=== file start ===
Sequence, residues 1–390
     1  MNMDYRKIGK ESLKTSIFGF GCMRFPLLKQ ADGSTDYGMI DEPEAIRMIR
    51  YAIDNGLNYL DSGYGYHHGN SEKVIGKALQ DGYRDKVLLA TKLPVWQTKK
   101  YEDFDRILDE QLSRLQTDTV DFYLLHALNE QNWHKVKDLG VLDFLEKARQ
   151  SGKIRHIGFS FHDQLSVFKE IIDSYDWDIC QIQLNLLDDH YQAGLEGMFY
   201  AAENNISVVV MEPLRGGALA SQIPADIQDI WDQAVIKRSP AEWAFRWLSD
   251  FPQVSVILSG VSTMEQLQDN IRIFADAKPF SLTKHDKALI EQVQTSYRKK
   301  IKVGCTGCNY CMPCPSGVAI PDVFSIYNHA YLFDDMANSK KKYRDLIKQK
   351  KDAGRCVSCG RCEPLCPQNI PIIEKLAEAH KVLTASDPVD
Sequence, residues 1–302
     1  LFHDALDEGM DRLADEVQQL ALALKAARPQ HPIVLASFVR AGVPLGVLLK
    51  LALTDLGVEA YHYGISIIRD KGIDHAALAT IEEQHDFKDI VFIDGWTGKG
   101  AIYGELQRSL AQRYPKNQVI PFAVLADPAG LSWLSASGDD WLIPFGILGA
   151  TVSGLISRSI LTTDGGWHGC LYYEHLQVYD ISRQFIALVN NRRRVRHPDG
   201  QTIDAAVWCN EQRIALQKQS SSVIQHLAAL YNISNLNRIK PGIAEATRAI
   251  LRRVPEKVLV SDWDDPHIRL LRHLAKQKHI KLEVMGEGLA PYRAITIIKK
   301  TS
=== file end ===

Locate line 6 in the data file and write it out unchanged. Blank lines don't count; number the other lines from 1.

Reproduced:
   201  AAENNISVVV MEPLRGGALA SQIPADIQDI WDQAVIKRSP AEWAFRWLSD